THE SIXTH OF December this year found the country reeling in the aftermath of the sixth austerity Budget in a row.
The special anniversary that fell on Thursday went largely unnoticed: 90 years ago on that day, the Irish Free State or Saorstát Éireann officially came into being.
The Anglo-Irish Treaty, which put an end to the War of Independence against Britain, was approved by the second Dáil on 7 January 1922. But the margin of approval was narrow – 64 votes for; 57 votes against – and led to the resignation of Éamon de Valera as president of the Dáil two days later. Arthur Griffith stepped into the role of president and the country began to hurtle towards civil war, with de Valera leading the anti-Treaty rebels and Michael Collins commander-in-chief of the National Army and chairman of the Provisional Government.
By the time the Free State came into existence 11 months later, both Griffith and Collins were dead, the latter killed in an ambush in Cork, and the country was in the grip of the bloody violence which would mark the civil war until a ceasefire in May 1923.
Flashbacks to 1922
The full heated debate in the Dáil on the day of the vote on the Anglo-Irish Treaty, 7 January 1922, is available to view in the Oireachtas parliamentary debates archive here.
Harry Boland, then a close friend of Michael Collins but who would later be shot by the Irish Free State Army, opened the debate by saying he was against the Treaty as, “in my opinion, it denies a recognition of the Irish nation”. He said:
I object to it on the ground of principle, and my chief objection is because I am asked to surrender the title of Irishman and accept the title of West Briton.
Poignantly, he refers to Collins frequently in his statement to the Dáil as “my friend” and there is some interaction between the two where they call each other by their first names.
On passing of the Treaty by seven votes, Collins asks permission to make a statement and appears to appeal that the opposing sides do everything in their power to stop the country descending into violence, a sentiment with which Éamon de Valera agrees.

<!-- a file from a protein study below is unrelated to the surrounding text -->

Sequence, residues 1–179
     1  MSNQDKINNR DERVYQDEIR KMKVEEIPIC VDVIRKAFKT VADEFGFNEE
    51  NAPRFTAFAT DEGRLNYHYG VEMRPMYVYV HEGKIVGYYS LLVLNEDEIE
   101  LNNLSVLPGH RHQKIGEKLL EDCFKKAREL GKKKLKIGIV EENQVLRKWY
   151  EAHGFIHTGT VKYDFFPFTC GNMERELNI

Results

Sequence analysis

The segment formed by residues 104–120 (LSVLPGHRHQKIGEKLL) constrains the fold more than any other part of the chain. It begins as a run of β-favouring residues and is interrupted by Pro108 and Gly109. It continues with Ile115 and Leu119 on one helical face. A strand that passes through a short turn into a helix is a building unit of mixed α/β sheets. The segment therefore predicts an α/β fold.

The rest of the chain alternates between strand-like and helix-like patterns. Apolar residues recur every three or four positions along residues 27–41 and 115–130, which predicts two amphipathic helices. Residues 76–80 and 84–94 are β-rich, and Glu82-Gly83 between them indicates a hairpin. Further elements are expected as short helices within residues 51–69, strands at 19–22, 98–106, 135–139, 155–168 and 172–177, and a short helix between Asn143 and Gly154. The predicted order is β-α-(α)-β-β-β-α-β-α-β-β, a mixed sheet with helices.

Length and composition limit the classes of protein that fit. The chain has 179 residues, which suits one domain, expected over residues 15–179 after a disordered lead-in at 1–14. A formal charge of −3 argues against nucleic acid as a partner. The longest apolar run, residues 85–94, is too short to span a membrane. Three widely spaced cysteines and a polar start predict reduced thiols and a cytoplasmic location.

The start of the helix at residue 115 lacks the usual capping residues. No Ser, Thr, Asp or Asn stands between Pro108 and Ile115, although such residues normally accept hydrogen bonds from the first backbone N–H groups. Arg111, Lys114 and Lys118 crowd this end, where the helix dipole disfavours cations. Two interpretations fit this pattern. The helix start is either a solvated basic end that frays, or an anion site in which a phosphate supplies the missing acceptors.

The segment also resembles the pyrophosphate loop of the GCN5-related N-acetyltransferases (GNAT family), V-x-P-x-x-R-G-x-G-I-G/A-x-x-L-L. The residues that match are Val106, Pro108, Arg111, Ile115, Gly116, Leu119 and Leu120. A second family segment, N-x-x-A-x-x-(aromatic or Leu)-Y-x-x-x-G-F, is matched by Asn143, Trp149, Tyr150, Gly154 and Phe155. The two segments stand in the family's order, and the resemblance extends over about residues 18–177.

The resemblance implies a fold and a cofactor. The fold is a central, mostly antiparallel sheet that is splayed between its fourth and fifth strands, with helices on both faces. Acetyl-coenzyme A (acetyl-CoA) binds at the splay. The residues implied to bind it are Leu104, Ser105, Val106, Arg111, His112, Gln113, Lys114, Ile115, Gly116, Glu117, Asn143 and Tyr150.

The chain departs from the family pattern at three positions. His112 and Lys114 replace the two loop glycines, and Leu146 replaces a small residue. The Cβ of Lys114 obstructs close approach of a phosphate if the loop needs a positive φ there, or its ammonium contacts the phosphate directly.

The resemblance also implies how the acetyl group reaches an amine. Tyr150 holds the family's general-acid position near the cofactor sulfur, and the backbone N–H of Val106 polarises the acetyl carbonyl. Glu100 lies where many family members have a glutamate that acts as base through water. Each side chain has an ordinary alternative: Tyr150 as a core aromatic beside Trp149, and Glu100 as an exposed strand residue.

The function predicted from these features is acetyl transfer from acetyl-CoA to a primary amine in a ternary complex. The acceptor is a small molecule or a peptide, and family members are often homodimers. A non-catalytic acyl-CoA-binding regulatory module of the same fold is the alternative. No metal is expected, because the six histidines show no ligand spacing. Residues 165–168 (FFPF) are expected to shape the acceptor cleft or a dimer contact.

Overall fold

MR. M. COLLINS: I ask your permission to make a statement. I do not regard the passing of this thing as being any kind of triumph over the other side. I will do my best in the future, as I have done in the past, for the nation. What I have to say now is, whether there is something contentious about the Republic—about the Government in being—or not, that we should unite on this: that we will all do our best to preserve the public safety (hear, hear).
PRESIDENT DE VALERA: Hear, hear.
As it would turn out, neither could prevent the civil war to come in which – as different estimates have had it – anywhere between 1,000 and 4,000 people died, both combatants and civilians.
This photograph shows Michael Collins, marked with an ‘X’, Kevin O’Higgins and WT Cosgrave (before and after Collins), leaving Dublin Castle after a surrender ceremony by the British on 16 January 1922. Pic: Topham Picturepoint/PA Images.
The Provisional Government then went straight that same day to Dublin’s Mansion House, for the formal ratification of the Anglo-Irish Treaty. Arthur Griffiths is seen in the centre left, with glasses, and Michael Collins is facing the speaker. Pic: PA Archive.
This was a pro-Treaty poster from the time. Pic: National Library of Ireland/Flickr.
Michael Collins, by then Chairman of the Irish Free State and Commander-in-Chief of the National Army, drums up support for the Treaty in College Green on 18 March 1922. Pic: Press Association Images.
The Four Courts on fire after being bombarded by National Army forces on 28 and 29 June, 1922. Anti-Treaty forces had taken the complex over on 14 April. A huge swathe of Irish public records were lost in the fire. Pic: Wikimedia Commons.
An injured Anti-Treaty man is supported by a fellow fighter in Dublin on 13 July 1922. Over 500 Anti-Treaty fighters were taken as prisoners after the battle died down in the city. Pic: Press Association Images.
The funeral of Arthur Griffith on 16 August 1922: pictured here are General Richard Mulcahy and Michael Collins, who would die in an ambush one week later.
Boys in Na Fianna Éireann uniforms carry wreaths in the funeral cortege for Michael Collins on 28 August 1922. Pic: National Library of Ireland/Flickr.
This image is from 1921, and shows the wedding of Kevin O’Higgins. By the end of 1922, it was a wedding photo loaded with poignancy. It represented the internecine brutality of the Civil War: O’Higgins, centre, is pictured here with Éamon de Valera on the left and his best man Rory O’Connor on the right. The groom and the best man were to end up on opposite sides of the war to follow – and O’Higgins ended up signing his former friend’s death warrant. O’Connor, Liam Mellows, Richard Barrett and Joe McKelvey had been captured at the fall of the Four Courts and executed on 8 December 1922 in reprisal for the killing of a Free State member of parliament Seán Hales. Pic: Wikimedia Commons.